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Reply to "Swept Away"



Thanks so much for your post – it expresses a lot of what I have been thinking about on this topic this week, as we've all been – like it or not - swept away in Madonna's media blitz. I cannot think of any other entertainer today who'd be able to get, in the space of one week: the cover of People, huge features in the New York Times and USA Today, Today show, Regis & Kelly, Will & Grace, countless hours on MTV and VH1 (even recycled interviews that are years-old), Dateline special next week, not to mention 900 pages in W. She has commodified herself. But as she famously said on the cover of the New York Post in the 80s, when nude photos of her surfaced in Penthouse, "So what?"

In a way, it is sad that people who are much better singers and performers – like Cyndi Lauper and even Cher – could never hope to achieve such mass exposure. Maybe they wouldn't want to... Nevertheless, Madonna does SOMETHING for an awful lot of people.

Yes, she steals others' ideas and pawns them off as her own, yes she fucked over many kind-hearted folks who paved her way to success, yes she used her bellybutton and tits to sell records for years, yes she's now resorted to world politics to create a stir, yes her voice ain't that great, yes she's a megalomaniac, yes she cannot act, yes she's a hypocrite and does seem unaware of how contradictory it is to sing about "American Life" while carrying the new rainbow-hued very-limited-edition Louis Vuitton bag. But so what? I can't believe that a lot of folks, if they knew how to do it, wouldn't also be as exploitive to achieve untold fortune and fame. Doesn't make it right, per se, but...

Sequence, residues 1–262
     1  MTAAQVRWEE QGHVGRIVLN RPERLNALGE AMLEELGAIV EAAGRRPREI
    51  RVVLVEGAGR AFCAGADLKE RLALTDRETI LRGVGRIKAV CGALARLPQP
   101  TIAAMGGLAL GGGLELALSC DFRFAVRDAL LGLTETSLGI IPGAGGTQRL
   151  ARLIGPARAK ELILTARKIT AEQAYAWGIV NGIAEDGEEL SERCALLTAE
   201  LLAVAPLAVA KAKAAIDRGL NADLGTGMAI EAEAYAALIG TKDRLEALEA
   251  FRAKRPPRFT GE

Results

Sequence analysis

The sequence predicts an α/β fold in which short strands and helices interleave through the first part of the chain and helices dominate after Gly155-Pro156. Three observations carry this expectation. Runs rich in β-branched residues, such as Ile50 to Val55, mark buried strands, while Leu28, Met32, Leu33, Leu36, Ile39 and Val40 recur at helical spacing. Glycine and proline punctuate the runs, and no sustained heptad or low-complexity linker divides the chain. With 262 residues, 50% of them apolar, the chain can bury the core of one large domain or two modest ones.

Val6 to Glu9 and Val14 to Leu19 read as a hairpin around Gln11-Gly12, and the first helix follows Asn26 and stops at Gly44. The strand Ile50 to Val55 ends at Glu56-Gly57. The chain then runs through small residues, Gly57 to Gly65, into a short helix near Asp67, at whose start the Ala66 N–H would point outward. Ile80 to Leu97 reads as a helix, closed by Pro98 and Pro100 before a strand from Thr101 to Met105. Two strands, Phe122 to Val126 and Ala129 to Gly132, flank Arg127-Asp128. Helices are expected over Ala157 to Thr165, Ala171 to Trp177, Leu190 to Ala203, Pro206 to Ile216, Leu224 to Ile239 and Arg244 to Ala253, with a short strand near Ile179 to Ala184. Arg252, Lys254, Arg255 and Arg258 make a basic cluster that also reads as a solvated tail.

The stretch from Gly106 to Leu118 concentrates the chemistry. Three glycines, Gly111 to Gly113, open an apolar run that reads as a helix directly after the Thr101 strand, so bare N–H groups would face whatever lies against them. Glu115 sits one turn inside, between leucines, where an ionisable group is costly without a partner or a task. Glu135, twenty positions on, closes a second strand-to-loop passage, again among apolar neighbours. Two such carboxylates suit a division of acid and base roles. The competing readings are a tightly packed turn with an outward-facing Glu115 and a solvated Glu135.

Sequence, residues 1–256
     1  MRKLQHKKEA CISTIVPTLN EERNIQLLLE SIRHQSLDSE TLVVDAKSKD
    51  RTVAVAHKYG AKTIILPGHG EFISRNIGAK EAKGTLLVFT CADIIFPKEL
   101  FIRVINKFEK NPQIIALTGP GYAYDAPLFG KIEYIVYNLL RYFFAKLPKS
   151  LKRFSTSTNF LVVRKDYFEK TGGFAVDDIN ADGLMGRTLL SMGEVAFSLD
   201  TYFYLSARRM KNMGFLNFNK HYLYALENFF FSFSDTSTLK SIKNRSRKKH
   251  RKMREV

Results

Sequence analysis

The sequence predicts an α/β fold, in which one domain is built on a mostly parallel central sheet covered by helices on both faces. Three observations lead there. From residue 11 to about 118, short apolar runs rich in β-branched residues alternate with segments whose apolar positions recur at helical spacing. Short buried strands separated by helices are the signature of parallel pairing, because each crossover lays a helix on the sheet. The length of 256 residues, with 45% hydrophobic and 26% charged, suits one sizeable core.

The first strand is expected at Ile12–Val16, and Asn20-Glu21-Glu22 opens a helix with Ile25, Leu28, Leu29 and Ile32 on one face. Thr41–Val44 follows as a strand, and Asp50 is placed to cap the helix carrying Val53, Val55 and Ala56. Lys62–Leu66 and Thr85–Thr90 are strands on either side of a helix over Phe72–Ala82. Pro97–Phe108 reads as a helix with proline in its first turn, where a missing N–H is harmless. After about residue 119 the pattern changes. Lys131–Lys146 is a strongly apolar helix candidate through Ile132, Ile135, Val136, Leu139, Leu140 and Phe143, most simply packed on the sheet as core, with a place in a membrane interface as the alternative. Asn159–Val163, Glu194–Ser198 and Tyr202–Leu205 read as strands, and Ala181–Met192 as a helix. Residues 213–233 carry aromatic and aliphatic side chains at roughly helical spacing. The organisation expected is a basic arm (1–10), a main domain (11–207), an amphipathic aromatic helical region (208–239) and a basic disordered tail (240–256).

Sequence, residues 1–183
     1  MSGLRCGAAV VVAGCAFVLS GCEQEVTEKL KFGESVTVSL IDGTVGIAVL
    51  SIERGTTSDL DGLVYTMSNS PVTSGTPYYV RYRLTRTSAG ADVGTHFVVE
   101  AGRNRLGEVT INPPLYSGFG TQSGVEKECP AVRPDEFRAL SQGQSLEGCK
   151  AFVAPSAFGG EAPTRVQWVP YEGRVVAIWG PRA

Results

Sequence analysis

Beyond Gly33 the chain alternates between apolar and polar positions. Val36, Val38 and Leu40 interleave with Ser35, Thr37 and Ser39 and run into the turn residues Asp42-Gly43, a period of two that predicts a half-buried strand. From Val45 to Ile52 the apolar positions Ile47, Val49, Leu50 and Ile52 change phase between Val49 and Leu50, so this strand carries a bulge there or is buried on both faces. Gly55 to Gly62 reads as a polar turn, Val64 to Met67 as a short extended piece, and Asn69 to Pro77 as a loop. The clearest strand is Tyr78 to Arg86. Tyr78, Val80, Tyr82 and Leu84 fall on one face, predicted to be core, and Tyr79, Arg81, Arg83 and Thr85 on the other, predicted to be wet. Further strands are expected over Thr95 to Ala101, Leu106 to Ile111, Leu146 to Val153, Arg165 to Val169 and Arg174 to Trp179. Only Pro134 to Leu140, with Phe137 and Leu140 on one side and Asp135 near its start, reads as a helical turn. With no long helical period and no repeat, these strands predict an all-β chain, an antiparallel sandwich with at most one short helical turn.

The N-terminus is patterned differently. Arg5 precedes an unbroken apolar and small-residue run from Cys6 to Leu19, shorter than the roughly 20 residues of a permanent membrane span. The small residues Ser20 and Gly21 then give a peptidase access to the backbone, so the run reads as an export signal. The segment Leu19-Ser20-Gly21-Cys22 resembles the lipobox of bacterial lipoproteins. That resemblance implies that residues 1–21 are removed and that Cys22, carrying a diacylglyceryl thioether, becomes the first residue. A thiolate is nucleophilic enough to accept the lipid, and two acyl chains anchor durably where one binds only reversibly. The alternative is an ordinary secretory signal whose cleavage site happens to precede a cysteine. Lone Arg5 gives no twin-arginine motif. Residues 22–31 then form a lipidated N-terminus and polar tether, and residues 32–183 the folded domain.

The people who keep her in business, her fans, aren't stupid. (Though some may argue otherwise: since the Burning Up 12" I bought in 1984, I've snapped up every remix, every magazine cover, every concert program. I'm sure that does sound rather stupid!) But she's a guilty pleasure. There's something about the fantasy of who she is, who she thinks she is, and what she relates through her art that keeps my inner drag queen coming back for more. Her music, no matter how critically panned or acclaimed, is a fun escape for me. Might be off key, and her lyrics are not Shakespeare -- they're not even Sheryl Crow -- but she's entertainment. I really don't believe that with each new album, video, or magazine cover that she thinks she's fooled the masses. The point is, everyone knows that her real shtick is marketing, but that didn't keep me, and thousands like me, from lining up to purchase her new product, several songs from which, I really like.

You're right that her very apparent uneasiness onstage on MTV this week was unsettling to watch. It's the same whether she's in concert or in a theatre or on film. She does not "give it up" the way a lot of performers do, and Cher is a good example. Cyndi Lauper and Siouxsie Sioux, too. They really allow their audiences to connect with them. She does have this perverse need to continue putting herself out there, without ever really putting herself out there.

It's so fascinating how divisive she is, even now, 20 years on.
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